Constructions Liens are a Provincial Jurisdiction
The Mechanics Lien Act, Construction Lien Act or Builders Lien Act. Each province has its own deadline to preserve the registration of a claim for lien and perfect a claim for lien by starting a law suit. Some provinces differentiate between supply of materials and labour when determining expiry of lien rights. While some lien periods are similar, there is no national uniform standard.
Most provincial lien statutes create a statutory trust which provides for personal liability for any officer/director or anyone in care or control of a company where the company is in receipt of monies but fails to pay a lien claimant. The breach of trust imposes a strict liability even on funds not received for the purpose of paying subtrades. At a minimum the statute of limitation for breach of trust is 15 years. Under the lien acts, a trust claim and a lien claim may not be advanced in the same pleading.
Canadian Construction Documents Committee ("CCDC")
For large projects, it is common that the parties will enter into a standard form contract. The CCDC has developed a series of licensed standardized contracts for a variety of situations, including a stipulated price contract where there is an owner and general contractor; and a design build contract in the cases where there is no general contractor. The CCDC contract is often modified through a series of negotiated supplementary conditions.
Commercial General Liability Insurance
Commercial General Liability Insurance is a standard requirement for most contractors. Commercial General Liability policy typically covers consequential damages caused by the contractor. Economic losses are typically excluded from the policy. If a contractor wishes to obtain errors and omissions insurance to cover their own negligent work, they would either obtain a performance bond or an errors and omissions policy. However, some Commercial General Liability policies may be extended to cover negligent work by the contractor.
Substance has priority over form in the tendering process. The Courts have imposed strict terms on what constitutes a tender and compliance with a tender. Suits involving tendering in bad faith, including the acceptance of a non-compliant bid are growing in Canada as the Courts are grappling with creating a standard as compared to a Request for Proposal or the Hybrid tender process.
The right to lien can only arise once labour and materials have been supplied to the project. One cannot pre-lien a project and there is no requirement that you must issue a notice of intention to lien in order to preserve lien rights before work is undertaken. Conversely, lien rights cannot be waived as a matter of law, and any provision that purports to waive a lien right is void.
Under lien legislation, an owner is not the same as the registered owner of the property. An owner may be a party who has care and control of the project, directs the work on the project or has privity of contract with the contractor. The significance is that an owner is directly liable to the contractor for all of the work performed under the contract. A lender or non-registered owner who takes an interest in a construction project must be careful to ensure that their involvement does not cross this threshold.
Under lien legislation in Canada, 10 per cent of the value of labour and materials applied to the project must be held back from each progress payment for the benefit of sub-contractors to the payee. There are no setoff rights as against a party claiming a holdback. The holdback is known in the United States as a "Retainage."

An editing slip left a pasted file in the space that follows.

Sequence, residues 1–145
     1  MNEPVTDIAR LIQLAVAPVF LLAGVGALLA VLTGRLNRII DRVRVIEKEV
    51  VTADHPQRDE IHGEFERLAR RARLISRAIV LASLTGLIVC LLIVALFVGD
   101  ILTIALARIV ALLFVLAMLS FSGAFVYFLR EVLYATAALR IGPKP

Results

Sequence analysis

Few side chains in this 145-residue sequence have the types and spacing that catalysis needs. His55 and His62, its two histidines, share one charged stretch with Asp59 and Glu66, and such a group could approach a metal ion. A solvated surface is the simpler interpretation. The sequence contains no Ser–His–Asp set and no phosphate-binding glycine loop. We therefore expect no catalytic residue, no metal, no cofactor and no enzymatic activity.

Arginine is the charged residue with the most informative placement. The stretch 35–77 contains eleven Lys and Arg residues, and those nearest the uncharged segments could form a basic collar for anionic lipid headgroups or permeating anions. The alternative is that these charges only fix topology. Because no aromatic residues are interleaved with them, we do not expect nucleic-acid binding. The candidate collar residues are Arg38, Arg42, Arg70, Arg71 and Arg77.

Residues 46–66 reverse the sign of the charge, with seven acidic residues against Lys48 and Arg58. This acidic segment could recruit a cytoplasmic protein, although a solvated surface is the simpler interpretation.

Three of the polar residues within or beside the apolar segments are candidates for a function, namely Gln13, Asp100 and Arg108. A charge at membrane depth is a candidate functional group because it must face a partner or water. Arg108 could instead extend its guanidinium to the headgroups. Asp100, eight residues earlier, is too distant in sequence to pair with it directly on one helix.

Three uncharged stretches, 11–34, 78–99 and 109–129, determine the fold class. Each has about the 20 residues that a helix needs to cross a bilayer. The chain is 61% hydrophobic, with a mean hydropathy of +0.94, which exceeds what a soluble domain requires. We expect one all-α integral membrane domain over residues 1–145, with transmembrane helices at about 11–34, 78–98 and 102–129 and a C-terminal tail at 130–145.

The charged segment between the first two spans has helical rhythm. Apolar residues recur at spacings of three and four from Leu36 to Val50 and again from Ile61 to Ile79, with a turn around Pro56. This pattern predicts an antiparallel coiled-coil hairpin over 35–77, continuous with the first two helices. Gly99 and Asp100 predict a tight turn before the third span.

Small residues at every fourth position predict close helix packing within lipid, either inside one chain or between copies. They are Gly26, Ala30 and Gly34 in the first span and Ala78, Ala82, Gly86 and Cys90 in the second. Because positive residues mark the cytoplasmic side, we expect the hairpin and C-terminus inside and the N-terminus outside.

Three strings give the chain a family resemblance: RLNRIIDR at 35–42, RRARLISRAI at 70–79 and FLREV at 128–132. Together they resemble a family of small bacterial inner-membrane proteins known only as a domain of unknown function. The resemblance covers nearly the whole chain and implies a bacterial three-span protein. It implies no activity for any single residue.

There are three primary bonds in a construction project. The first is a performance bond, posted by the contractor as principal to the owner as obligee, typically for a value equal to 50 per cent of the contract. Upon being declared in default by an owner, the performance bond may be called on. A labour and material payment bond is posted by the contractor for the benefit of sub-trades. A sub-trade may claim on the bond if there has been a failure of payment by the contractor and for which the contractor has no legitimate rights to deny payment. A claim under a labour and material payment bond typically must be made within 180 days of last supply. A lien bond is posted by any party to pay the amount of a lien into Court, plus 25 per cent as security for costs for the value of the lien in order to clear title. The lien claimant will then have a charge against the funds in Court to the extent of liability of the party posting the bond.
As lien acts are provincial, they bind the provincial crown but not the federal crown. Typically, provincial property is not subject to a registered claim for lien, but written notice of the lien must be delivered to the relevant crown authority in order to bind the holdbacks that may be due. It is important to determine therefore, the party with whom you contract and who the registered owner of the lands are, in order to determine whether or not they are subject to a registered lien or a written lien. Some federal undertakings like railroads and certain power producers are exempt from having liens registered against their lands. All municipal lands are subject to a registered claim for lien. Native lands are exempt from registration if they are reserved.
Trial by Judge
In Canada, trial by jury is exceptional in civil cases. Law is made by Judges and most jurisdictions have specialized construction Judges or junior Judges to deal with complicated matters arising in construction law.
The CCDC documents typically contain partnering language whereby disputes may be resolved by an arbitrator or project consultant early and frequently throughout the progress of the project.